How to translate brm model output into real scale

Hi all,

Firstly, sorry if this is an easy one - I’m new to R and bayesian modelling.
I have run a brms model looking at the effect of a number of factors on playful behaviour in children and now would like to translate the output into a real scale. So for example, if I have a categorical predictor variable, like mother status (dead or alive), I want to write the results as: “children whose mother is alive are xx% more playful than those whose mother is dead”.

Similarly, for a continuous variable such as height, I want to be able to work out how a 1cm increase in height affects playfulness.

All of the non-binary variables in the model are standardized and I used the beta_binomial2 custom family.

The results of my brms model are as follows (I hope this will be enough to help me answer this!).
Family: beta_binomial2
Links: mu = logit; phi = identity
Formula: playfulness| vint(totalinteractions) ~ me(relatedness_c, + height + mother.status + group.size + Age + (1 | ID) + (1 | Year)
Data: (Number of observations: 625)
Samples: 4 chains, each with iter = 6000; warmup = 3000; thin = 1;
total post-warmup samples = 12000

Group-Level Effects:
~ID (Number of levels: 57)
Estimate Est.Error l-95% CI u-95% CI Rhat Bulk_ESS Tail_ESS
sd(Intercept) 0.61 0.09 0.46 0.80 1.00 2911 5587

~Year1 (Number of levels: 35)
Estimate Est.Error l-95% CI u-95% CI Rhat Bulk_ESS Tail_ESS
sd(Intercept) 0.47 0.09 0.32 0.68 1.00 3256 6078

Population-Level Effects:
Estimate Est.Error l-95% CI u-95% CI Rhat Bulk_ESS Tail_ESS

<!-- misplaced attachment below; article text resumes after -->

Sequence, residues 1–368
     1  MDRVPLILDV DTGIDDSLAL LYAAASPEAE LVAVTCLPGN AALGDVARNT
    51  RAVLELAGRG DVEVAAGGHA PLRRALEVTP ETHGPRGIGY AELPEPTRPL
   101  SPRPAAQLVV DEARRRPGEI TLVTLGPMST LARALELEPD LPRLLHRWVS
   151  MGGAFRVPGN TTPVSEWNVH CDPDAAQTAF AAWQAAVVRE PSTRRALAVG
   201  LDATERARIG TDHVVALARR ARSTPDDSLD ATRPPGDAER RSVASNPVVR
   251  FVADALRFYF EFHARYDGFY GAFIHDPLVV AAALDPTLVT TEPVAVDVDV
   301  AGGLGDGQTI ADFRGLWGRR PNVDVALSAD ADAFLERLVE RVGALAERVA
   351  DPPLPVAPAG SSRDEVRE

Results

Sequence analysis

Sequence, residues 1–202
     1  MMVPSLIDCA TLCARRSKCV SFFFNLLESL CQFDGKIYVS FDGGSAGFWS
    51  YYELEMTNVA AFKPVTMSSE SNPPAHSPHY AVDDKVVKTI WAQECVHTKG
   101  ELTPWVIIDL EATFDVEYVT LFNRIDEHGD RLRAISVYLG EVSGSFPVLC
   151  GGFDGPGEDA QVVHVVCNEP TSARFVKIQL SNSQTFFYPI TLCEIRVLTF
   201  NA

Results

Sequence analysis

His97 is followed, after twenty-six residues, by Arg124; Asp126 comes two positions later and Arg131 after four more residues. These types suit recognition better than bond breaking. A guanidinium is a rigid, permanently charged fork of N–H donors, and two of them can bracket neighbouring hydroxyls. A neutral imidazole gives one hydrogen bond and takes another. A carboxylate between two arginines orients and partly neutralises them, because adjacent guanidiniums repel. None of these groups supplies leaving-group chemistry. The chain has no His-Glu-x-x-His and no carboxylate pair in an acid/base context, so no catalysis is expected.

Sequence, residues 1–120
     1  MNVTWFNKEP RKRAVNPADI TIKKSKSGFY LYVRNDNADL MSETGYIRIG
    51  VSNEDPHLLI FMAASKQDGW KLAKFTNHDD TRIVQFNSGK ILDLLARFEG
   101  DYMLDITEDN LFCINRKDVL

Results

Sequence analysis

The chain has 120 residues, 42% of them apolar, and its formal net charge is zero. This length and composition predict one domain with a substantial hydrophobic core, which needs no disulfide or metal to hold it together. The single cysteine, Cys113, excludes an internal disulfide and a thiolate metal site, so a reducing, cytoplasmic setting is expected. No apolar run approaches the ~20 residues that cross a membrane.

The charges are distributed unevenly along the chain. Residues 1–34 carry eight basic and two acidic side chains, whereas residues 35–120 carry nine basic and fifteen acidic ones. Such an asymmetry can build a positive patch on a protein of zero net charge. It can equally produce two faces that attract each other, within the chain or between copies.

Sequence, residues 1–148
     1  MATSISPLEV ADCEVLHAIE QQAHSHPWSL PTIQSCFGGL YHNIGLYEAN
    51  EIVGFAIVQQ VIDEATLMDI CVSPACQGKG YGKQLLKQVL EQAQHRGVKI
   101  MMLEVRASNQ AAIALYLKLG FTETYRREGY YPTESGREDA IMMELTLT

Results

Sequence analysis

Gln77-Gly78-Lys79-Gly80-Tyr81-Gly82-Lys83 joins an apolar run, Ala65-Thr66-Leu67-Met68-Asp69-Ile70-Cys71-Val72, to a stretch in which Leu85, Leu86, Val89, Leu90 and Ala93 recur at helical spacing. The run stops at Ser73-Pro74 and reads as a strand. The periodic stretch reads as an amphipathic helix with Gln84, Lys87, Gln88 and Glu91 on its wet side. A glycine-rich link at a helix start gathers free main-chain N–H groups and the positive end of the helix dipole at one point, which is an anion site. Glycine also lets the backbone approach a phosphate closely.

Intercept -5.88 0.15 -6.18 -5.58 1.00 2459 4494
height 0.10 0.05 0.01 0.20 1.00 9511 9579
mother.status -0.33 0.13 -0.57 -0.08 1.00 6913 7777
group.size -0.13 0.09 -0.31 0.04 1.00 3569 6087
Age -0.49 0.10 -0.69 -0.30 1.00 3172 5747 0.07 0.05 -0.04 0.17 1.00 7714 8232
Relatedness -0.09 0.12 -0.32 0.13 1.00 2249 5441

Family Specific Parameters:
Estimate Est.Error l-95% CI u-95% CI Rhat Bulk_ESS Tail_ESS
phi 183.13 14.89 154.86 213.41 1.00 8913 7590

Samples were drawn using sampling(NUTS). For each parameter, Bulk_ESS
and Tail_ESS are effective sample size measures, and Rhat is the potential
scale reduction factor on split chains (at convergence, Rhat = 1).

  • Operating System: Windows 10
  • brms Version:2.15.0

Hello, overall I think what you’re looking for is post-processing inference. There is support for this via ‘emmeans’ for brms models. Alternately, you can use the ‘fitted()’ function from your brms model.

For example; if you wanted to determine the expected value of playfulness as a function of height, you can pass new values of height to the ‘fitted()’ function, and examine how the predicted playfulness is related to height. Often this is easiest to visualize. The ‘conditional_effects()’ function automates this.

If you’re interested in functions of parameters then you can obtain them from the samples. For example, you could ask for the difference in playfulness between ‘mother==alive’ versus ‘mother==dead’ by calculating it for each sample, and then summarizing the results across samples. This forms a posterior distribution for the difference between those quantities. You can get this by passing ‘summary = FALSE’ to ‘fitted()’.


This is great, thanks for your help!